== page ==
More than half of the sample (n=104, 52.3%) reported that they used social media sites on the Internet. Due to small sample sizes within groups, we transformed age to include only 2 groups (18-44 and ≥44 years), and we collapsed education to comprise 3 groups (less than a high school diploma, high school degree and some college, 2-year college degree or higher). Pearson chi-square analyses comparing potential differences between transplant status (pre- or post-) and social media use revealed no significant difference between those who had a transplant and those who had not in their tendency to use social media (χ212=.023, P>.99) . No significant differences were found between transplant status and income, sex, age, or education. In terms of social media use, there was a significant difference between age and social media use, with younger people more likely than older adults to use social media (χ28=26.15, P<.001). We found no significant differences between social media use and any other demographic variables.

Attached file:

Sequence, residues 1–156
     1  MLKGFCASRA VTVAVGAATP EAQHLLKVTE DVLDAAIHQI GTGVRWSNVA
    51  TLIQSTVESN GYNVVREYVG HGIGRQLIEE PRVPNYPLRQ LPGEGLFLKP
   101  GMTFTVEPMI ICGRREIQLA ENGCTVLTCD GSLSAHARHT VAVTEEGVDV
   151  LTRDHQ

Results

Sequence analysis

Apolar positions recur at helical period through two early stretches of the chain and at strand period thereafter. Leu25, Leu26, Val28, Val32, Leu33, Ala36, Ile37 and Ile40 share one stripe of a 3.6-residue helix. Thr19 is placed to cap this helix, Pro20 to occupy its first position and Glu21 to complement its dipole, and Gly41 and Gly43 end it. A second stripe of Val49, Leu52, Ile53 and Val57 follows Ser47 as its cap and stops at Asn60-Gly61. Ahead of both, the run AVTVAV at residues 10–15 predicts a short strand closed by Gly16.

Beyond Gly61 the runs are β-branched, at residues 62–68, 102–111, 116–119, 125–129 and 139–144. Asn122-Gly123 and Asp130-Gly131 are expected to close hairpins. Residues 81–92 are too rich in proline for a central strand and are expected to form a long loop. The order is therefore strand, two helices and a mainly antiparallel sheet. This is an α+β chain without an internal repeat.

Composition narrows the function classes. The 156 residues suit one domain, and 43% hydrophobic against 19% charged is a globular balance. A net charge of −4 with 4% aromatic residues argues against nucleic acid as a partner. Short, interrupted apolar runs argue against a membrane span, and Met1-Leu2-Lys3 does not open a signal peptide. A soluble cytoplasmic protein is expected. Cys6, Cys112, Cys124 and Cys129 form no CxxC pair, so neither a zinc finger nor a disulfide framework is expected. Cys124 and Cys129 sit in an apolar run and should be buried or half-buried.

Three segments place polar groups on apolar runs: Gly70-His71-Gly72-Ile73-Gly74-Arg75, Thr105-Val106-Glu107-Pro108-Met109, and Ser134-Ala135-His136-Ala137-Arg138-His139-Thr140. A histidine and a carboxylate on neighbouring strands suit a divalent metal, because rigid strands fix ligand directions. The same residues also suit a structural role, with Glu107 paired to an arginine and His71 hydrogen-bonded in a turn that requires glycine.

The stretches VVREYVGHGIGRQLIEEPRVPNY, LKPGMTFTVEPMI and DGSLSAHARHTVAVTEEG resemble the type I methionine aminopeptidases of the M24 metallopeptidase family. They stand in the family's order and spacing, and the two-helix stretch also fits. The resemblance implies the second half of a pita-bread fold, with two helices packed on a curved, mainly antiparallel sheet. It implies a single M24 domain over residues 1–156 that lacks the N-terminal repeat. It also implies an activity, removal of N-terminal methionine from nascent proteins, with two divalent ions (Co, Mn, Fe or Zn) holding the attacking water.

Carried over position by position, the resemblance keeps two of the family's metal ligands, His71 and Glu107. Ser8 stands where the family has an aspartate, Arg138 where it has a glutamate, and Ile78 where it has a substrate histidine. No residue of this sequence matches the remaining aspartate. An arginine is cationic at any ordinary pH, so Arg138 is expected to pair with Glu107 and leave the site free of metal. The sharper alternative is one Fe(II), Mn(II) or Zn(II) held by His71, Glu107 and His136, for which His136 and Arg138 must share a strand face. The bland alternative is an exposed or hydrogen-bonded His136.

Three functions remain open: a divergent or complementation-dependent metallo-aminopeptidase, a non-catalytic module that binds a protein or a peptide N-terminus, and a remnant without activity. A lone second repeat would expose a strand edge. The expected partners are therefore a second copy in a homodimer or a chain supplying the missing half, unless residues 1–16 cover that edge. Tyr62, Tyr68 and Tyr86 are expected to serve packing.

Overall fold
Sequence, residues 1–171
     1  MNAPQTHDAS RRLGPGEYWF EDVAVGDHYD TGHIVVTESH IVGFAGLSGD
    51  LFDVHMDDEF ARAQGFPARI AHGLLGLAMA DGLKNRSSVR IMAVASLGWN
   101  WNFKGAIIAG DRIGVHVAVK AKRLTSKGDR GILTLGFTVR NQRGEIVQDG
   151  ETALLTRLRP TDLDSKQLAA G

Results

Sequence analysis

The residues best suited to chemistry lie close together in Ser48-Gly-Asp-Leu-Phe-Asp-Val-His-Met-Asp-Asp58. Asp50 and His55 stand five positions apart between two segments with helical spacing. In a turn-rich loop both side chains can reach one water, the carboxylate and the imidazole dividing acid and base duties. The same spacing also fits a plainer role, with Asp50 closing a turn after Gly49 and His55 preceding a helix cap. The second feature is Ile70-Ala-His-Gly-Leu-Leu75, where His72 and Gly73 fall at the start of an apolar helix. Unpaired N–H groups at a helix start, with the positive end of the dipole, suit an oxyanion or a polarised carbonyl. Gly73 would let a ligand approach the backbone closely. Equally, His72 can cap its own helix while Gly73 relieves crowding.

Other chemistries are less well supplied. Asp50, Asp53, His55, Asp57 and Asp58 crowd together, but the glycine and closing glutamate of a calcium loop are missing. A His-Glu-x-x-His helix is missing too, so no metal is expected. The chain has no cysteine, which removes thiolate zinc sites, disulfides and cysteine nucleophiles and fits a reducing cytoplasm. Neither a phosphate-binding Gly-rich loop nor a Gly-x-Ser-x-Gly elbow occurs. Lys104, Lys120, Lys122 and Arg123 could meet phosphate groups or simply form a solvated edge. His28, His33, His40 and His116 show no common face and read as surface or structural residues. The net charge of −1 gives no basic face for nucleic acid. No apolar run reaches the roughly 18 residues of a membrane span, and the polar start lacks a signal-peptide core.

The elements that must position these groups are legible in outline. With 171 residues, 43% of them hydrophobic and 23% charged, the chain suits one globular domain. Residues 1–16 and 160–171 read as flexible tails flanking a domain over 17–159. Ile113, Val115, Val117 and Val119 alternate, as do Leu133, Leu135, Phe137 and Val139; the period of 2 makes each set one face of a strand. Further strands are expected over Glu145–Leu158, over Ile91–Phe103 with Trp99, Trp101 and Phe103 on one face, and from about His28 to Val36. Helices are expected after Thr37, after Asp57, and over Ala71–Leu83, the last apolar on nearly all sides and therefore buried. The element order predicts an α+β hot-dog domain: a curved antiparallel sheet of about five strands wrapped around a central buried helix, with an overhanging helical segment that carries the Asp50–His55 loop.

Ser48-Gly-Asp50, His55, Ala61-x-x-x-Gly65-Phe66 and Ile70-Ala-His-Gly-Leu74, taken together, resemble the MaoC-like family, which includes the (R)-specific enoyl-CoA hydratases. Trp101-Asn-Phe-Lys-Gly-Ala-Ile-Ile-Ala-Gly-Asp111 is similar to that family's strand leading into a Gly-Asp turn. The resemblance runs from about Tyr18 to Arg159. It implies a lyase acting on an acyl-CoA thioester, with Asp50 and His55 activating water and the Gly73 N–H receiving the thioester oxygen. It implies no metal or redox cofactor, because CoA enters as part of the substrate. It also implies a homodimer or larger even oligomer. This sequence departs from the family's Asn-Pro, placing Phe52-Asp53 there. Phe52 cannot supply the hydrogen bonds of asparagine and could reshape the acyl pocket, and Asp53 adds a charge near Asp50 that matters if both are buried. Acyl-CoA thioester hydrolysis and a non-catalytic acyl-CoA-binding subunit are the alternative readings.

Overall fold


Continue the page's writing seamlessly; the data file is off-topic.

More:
Nearly half (n=96) of the patients sampled had been using social media for less than a month, whereas 31.2% (n=62) had been on social media for over 4 years. Of those who used social media, 24.1% (n=48) reported using social media for 5 hours or less per week. Given the purpose of the study, the size of the social media networks was of particular interest. Of those on social media, 33.2% (n=66) had over 100 “friends” in their social network. Table 2 presents these results.

The most frequently used social media site was Facebook, followed by Instagram, Twitter, and Google+. None of the participants used Reddit, Foursquare, or LiveJournal. Table 3 presents these results.